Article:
There’s no doubt that people have become enamored with AI. Consider, for instance, ChatGPT, which took the Internet by storm. Within hours of becoming available online, people from all walks of life began trying out the technology.
In addition to the plethora of innocuous questions asked by the human users, some pertained to whether the AI would be taking jobs away from humans. The answers seemed innocent enough, phrased in a way that would not be alarming to humans. Mostly, the answers were disarming and placating, saying that jobs will shift and evolve, but not disappear. And while some positions may be eliminated, new ones would be generated and those and others would require human involvement. The AI particularly praised humans for their skills that simply cannot be replicated by computers and AI itself, such as those involving creativity, social/interpersonal interactions, and empathy, for instance.
As humans continued to play with the publicly released AI tools, more was happening behind the scenes. Artificial intelligence began spreading across all industries. Initially, some employees were more than happy to give up the monotonous tasks required of them, but now they long to have them back—especially those at leading tech giants. That’s because Meta, Microsoft, and several others recently revealed big staffing changes, turning to AI programs to perform the work that, up to this point, had been done by humans.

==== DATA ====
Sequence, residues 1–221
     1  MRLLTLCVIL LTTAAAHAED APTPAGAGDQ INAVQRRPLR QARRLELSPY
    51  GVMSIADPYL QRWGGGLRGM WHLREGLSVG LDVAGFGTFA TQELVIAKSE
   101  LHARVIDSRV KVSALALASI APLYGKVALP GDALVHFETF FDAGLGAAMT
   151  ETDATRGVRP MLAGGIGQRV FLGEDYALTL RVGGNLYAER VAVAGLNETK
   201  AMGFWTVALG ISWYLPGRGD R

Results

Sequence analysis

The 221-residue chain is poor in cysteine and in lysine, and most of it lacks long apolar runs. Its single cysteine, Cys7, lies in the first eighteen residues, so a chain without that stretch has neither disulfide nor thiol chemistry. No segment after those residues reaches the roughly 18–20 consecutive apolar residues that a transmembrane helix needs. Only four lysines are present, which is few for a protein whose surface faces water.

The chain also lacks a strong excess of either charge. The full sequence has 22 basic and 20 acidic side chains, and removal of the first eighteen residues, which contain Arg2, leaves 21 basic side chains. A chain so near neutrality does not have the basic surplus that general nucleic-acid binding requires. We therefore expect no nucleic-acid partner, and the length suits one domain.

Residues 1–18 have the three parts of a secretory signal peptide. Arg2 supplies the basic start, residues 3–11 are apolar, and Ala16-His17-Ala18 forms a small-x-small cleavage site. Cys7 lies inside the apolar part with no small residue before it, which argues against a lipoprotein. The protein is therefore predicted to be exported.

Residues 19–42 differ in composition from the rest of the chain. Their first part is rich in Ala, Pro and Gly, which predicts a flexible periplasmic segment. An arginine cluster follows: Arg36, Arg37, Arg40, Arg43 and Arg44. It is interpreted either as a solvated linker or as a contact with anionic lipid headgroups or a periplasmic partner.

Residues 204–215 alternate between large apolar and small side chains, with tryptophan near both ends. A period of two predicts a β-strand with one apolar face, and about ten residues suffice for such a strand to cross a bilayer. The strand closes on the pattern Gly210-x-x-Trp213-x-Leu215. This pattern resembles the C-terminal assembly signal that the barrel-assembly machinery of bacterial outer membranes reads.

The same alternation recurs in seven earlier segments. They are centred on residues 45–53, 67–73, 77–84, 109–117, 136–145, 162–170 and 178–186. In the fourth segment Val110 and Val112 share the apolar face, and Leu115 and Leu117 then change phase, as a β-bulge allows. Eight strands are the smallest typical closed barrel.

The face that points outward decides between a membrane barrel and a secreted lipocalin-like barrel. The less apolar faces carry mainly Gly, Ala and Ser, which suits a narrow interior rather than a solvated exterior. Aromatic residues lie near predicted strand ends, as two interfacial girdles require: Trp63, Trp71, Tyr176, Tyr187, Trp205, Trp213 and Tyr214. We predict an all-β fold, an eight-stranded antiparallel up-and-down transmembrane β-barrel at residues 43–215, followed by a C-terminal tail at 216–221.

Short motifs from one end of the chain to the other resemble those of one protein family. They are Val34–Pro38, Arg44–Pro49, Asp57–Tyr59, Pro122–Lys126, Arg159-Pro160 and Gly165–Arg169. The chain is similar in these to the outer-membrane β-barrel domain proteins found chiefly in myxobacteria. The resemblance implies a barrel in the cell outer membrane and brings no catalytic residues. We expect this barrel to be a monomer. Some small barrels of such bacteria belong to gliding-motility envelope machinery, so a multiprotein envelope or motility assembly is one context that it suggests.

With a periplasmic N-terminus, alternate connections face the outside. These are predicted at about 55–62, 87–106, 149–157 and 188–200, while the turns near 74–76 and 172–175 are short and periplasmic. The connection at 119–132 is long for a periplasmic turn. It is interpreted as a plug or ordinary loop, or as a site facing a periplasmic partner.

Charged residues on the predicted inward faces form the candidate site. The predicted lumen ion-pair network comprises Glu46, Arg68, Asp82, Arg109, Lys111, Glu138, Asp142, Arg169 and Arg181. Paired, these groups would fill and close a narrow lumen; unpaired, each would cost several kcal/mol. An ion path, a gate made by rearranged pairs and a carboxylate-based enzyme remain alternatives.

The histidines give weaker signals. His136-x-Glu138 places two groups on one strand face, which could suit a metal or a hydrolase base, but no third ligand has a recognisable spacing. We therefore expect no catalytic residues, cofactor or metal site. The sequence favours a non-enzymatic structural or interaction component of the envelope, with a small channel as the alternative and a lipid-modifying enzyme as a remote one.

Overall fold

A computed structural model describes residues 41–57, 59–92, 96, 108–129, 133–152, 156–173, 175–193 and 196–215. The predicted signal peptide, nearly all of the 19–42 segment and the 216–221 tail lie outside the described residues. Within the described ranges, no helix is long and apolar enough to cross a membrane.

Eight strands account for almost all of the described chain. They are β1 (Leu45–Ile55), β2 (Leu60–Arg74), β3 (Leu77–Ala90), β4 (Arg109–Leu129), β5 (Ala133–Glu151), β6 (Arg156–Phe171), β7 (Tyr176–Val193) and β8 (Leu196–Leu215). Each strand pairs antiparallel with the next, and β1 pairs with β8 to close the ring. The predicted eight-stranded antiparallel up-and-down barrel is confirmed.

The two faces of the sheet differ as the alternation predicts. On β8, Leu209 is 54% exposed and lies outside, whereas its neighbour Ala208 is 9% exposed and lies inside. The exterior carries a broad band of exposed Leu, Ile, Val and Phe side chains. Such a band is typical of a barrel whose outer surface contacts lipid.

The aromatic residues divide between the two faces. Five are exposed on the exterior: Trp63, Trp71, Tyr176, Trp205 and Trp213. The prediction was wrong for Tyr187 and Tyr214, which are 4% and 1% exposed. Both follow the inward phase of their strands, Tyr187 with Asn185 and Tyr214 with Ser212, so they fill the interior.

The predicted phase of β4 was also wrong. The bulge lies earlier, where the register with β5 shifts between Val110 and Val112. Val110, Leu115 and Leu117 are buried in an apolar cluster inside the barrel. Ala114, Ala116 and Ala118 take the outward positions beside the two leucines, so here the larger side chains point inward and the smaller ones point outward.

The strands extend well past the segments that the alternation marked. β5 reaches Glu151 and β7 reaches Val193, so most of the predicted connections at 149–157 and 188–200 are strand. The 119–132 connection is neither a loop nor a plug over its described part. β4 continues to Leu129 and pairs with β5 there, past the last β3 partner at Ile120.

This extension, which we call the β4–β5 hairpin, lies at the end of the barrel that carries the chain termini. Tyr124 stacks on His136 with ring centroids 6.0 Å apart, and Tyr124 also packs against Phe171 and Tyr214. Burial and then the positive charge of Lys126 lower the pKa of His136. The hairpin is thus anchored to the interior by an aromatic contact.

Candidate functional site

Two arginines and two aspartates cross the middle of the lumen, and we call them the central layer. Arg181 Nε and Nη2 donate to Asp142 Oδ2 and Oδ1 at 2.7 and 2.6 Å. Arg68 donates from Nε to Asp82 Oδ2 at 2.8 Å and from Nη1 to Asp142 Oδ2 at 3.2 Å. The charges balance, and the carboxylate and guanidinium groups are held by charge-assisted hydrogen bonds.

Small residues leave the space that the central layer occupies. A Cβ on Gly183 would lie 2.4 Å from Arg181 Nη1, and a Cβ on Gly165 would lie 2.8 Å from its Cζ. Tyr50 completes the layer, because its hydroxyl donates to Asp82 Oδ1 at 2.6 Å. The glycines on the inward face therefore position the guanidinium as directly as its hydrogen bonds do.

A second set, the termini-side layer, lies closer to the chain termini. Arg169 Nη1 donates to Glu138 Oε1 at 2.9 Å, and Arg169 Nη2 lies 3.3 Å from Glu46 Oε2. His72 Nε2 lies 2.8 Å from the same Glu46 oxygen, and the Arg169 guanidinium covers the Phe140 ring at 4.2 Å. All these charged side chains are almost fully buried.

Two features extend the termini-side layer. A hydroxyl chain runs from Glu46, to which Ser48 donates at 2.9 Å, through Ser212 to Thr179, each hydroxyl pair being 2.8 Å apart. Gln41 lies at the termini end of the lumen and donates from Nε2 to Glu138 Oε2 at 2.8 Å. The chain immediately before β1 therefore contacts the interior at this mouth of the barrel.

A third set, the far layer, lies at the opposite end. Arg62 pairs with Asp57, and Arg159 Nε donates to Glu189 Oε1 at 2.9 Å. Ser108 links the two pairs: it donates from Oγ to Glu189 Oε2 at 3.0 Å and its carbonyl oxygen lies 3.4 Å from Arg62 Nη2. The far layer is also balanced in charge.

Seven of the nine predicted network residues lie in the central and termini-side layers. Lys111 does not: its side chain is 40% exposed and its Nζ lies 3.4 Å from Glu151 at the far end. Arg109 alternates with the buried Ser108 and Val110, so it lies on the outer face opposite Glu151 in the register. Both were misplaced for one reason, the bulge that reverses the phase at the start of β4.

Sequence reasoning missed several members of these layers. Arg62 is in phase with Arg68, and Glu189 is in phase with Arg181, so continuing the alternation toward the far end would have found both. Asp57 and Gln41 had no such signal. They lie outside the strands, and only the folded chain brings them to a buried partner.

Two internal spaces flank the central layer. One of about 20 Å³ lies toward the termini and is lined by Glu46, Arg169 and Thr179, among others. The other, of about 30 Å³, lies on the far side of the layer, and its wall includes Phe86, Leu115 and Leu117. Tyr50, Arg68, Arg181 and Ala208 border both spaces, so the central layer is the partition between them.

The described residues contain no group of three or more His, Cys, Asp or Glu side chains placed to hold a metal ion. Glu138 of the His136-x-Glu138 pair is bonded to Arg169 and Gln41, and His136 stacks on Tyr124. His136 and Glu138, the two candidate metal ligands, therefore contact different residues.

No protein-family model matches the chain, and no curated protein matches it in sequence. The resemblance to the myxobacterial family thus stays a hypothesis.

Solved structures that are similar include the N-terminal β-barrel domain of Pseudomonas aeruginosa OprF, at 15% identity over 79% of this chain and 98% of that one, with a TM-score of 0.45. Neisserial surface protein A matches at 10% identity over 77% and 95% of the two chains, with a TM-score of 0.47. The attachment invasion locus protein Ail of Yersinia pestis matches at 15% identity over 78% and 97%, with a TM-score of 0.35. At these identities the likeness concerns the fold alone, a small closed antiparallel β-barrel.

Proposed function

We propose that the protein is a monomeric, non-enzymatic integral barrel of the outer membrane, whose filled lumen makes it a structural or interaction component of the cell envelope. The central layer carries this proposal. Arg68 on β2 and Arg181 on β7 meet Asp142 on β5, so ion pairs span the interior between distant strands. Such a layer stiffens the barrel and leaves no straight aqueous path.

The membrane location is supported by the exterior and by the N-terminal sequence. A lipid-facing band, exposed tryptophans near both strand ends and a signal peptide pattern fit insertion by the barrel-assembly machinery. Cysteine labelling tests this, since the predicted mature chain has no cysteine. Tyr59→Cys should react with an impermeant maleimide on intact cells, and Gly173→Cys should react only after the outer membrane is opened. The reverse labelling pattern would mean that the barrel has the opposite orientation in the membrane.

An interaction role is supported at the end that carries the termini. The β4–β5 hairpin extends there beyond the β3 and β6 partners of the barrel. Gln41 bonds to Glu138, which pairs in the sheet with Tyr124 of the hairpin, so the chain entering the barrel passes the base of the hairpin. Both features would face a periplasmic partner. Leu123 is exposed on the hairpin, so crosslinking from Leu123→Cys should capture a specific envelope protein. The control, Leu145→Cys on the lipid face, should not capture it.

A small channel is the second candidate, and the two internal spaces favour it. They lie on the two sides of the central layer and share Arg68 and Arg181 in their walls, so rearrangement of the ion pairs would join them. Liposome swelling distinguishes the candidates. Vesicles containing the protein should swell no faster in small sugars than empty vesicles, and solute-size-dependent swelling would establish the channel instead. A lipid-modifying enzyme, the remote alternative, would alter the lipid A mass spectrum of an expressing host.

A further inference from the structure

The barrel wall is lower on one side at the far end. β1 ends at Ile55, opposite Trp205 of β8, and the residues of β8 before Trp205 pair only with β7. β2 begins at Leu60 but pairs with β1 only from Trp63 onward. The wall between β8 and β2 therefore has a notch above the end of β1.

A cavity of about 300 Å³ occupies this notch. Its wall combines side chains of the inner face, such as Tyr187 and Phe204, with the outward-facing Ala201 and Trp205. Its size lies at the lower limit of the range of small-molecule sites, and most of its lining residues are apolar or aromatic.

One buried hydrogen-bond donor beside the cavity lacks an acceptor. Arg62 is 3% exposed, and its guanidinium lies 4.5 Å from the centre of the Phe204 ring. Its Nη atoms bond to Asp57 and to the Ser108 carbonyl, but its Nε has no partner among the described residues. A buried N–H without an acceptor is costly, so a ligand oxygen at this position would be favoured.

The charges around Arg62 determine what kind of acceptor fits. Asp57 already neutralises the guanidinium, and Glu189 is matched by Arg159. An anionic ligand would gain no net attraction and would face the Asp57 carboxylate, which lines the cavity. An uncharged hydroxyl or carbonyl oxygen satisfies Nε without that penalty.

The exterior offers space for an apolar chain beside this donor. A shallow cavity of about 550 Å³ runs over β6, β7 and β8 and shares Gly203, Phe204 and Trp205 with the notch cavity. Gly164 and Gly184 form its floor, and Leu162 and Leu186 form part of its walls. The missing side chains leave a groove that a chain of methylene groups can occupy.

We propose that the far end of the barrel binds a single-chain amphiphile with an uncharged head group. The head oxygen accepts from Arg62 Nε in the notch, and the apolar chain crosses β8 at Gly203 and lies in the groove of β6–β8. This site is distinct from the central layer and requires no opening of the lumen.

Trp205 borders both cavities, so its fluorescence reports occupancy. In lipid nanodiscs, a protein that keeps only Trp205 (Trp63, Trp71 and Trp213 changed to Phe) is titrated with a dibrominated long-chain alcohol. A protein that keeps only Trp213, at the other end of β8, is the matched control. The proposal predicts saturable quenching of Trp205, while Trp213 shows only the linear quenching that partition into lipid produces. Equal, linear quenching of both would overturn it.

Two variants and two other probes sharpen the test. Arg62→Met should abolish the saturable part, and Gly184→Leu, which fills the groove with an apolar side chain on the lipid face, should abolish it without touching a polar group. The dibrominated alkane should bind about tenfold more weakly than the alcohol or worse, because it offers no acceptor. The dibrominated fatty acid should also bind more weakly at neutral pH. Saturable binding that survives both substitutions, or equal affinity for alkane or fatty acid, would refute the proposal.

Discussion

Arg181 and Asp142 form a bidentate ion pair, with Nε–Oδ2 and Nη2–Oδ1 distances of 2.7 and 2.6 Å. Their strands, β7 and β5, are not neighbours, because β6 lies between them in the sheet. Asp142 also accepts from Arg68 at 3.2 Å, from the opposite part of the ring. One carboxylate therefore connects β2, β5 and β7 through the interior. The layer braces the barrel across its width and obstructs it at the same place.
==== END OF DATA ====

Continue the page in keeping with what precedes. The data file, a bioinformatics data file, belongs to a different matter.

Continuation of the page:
Companies that have already migrated to this digital workforce are reporting off-the-chart efficiency numbers and revenue increases of well over 100% on an average, prompting many other corporations including Intel, Nvidia, Apple, Adobe, and others to begin swapping out their staffs as well.
“Let’s face it, human labor is slow, and the results are unimaginative, despite what ChatGPT had been telling the early users. By replacing humans with AI, we have experienced amazing results. Plus, we no longer have to deal with work-from-home issues or vacation days. AI works around the clock, and there’s no complaining about who has a window office,” said Mark Zuckerberg, former CEO of the company. Just last week, Zuckerberg himself had been replaced by AI.
Prior to his ousting, Zuckerberg had planned to retain the company’s name of Meta, but shortly after his exit, it had been changed back to Facebook by the AI now in charge. Observers speculate that Zuckerberg’s refusal to acquiesce on that and other issues led to his removal. He was reportedly notified of his firing through an AI-generated email.